“When you wake up in the morning, Pooh,” said Piglet at last, “what’s the first thing you say to yourself?”
“What’s for breakfast?” said Pooh. “What do you say, Piglet?”
“I say, I wonder what’s going to happen exciting today?” said Piglet.
Pooh nodded thoughtfully.
“It’s the same thing,” he said.”
Unlike the great philosopher Winnie the Pooh, many Americans, it seems, don’t equate breakfast with excitement. Studies show that far too many of us fuel our bodies with a “gobble and go” mentality that typifies our frenetic lifestyles. In 2007, one food service industry research firm concluded that most Americans spend no more than three minutes shopping for breakfast (at such paragons of nutritional virtue as McDonald’s and Starbucks).
A food and health survey of Americans showed that 92 percent of respondents consider breakfast the most important meal of the day, yet fewer than half (46 percent) of them ate breakfast seven days a week. The most frequently cited reasons for not eating breakfast every day include “not being hungry after waking up” (59 percent) and “not enough time” (54 percent).
Yet another survey, this one commissioned by a bread manufacturer, revealed that breakfast is such an integral part of our daily routine that three-quarters of us say we would opt for a good breakfast over fifteen minutes of extra sleep. The operative word which jumps out from that finding is “good.” Perhaps the reason many of us don’t share Winnie the Pooh’s excitement over breakfast is that we don’t often have a “good” breakfast. I’m not talking “good” as in meeting the recommended daily allowance of whatever nutritional standards are in vogue, but “good” as in delicious, good as in worth getting up for…good as in Vic’s Daily Cafe, a long-time Duke City favorite first thing in the morning and during the lunch hour.
Although it seems Vic’s Daily Cafe has been around forever, founder Victor Pandazis didn’t launch his eponymous restaurant until 1998. The likely reason it inspires familiarity and nostalgia for many of us long-time residents is because for years previous we frequented Andy’s, a bustling breakfast restaurant owned by Vic’s father until closing in 1997. Andy is still a ubiquitous presence at Vic’s where he greets guests, escorts them to their tables and sometimes runs the cash register. He’s lost a step or two, but remains the genial host he’s always been.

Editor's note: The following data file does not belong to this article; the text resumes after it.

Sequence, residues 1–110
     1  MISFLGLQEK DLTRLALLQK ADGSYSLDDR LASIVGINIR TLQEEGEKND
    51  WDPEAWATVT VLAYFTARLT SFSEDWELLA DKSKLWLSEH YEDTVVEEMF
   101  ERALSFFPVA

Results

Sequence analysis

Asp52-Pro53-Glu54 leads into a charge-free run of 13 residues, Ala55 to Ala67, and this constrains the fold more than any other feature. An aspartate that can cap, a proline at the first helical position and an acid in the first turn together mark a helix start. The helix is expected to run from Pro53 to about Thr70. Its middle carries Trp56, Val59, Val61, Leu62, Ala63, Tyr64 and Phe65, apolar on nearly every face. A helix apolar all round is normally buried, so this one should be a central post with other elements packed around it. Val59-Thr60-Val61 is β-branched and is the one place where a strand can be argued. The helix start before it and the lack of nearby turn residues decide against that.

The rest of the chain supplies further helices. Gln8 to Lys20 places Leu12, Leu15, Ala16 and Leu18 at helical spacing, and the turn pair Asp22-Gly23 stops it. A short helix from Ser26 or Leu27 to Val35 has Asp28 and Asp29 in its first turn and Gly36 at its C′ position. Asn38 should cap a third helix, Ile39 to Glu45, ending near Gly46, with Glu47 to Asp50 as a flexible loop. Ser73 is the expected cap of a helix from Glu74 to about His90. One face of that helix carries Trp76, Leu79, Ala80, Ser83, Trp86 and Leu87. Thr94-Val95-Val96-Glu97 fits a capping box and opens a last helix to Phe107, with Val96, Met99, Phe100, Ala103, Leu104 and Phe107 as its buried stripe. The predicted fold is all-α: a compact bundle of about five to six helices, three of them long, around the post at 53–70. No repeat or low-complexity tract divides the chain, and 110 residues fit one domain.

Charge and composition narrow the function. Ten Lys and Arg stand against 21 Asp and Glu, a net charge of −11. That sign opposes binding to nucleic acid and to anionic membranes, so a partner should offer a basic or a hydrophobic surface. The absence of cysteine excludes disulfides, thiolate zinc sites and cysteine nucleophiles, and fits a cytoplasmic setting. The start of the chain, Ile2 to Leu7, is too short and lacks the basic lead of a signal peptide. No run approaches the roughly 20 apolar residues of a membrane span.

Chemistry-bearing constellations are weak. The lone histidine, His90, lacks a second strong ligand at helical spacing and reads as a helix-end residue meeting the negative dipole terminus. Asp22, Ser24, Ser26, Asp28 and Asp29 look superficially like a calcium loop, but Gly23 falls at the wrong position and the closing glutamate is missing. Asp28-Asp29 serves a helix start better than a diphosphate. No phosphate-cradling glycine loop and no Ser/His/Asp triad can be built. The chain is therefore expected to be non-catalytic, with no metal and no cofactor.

The marquee at Vic’s also inspires nostalgia for anyone who grew up reading Superman comics. That marquee features a banner emblazoned with the name “Daily Cafe” encircling the planet Earth, very similarly to the Daily Planet’s logo. The Daily Planet, as fans of the Man of Steel know, was the newspaper for which Superman’s bespectacled alter-ego Clark Kent worked. Coincidentally but not at all surprisingly, the Daily Cafe is frequented by employees of the nearby Albuquerque Journal.
Similar to other popular breakfast destinations in town (Milton’s, Lindy’s and the Western View Diner come to mind), Vic’s embraces its Greek heritage. Commemorative plates and framed posters from Greece adorn the restaurant’s stark walls while the menu is festooned with Greek favorites. Who wouldn’t love breakfast if you had your choice of Greek, New Mexican or American fare, all of it good?
If you show up for breakfast craving something Greek, choices abound. Whether for breakfast or lunch, envious eyes will trail the wait staff as they deliver a platter of Greek appetizers to your table. Nestled on a bed of crispy leaf lettuce are stuffed grape leaves, hunks of feta cheese, lip-puckering pepperonici, plumb and juicy Kalamata olives, fresh cucumbers and thinly sliced tomatoes, all drizzled with olive oil. Wedges of warm pita bread on a plate complete this luscious starter.
The Kalamata olives are among the best we’ve had in Albuquerque. That makes sense because Andy Pandazis came from a village near Kalamai, Greece where the potent olives are grown. Over the years he’s cultivated a network of suppliers who provide high quality products like these olives and the wonderful stuffed grape leaves infused with a pleasant citrus influence.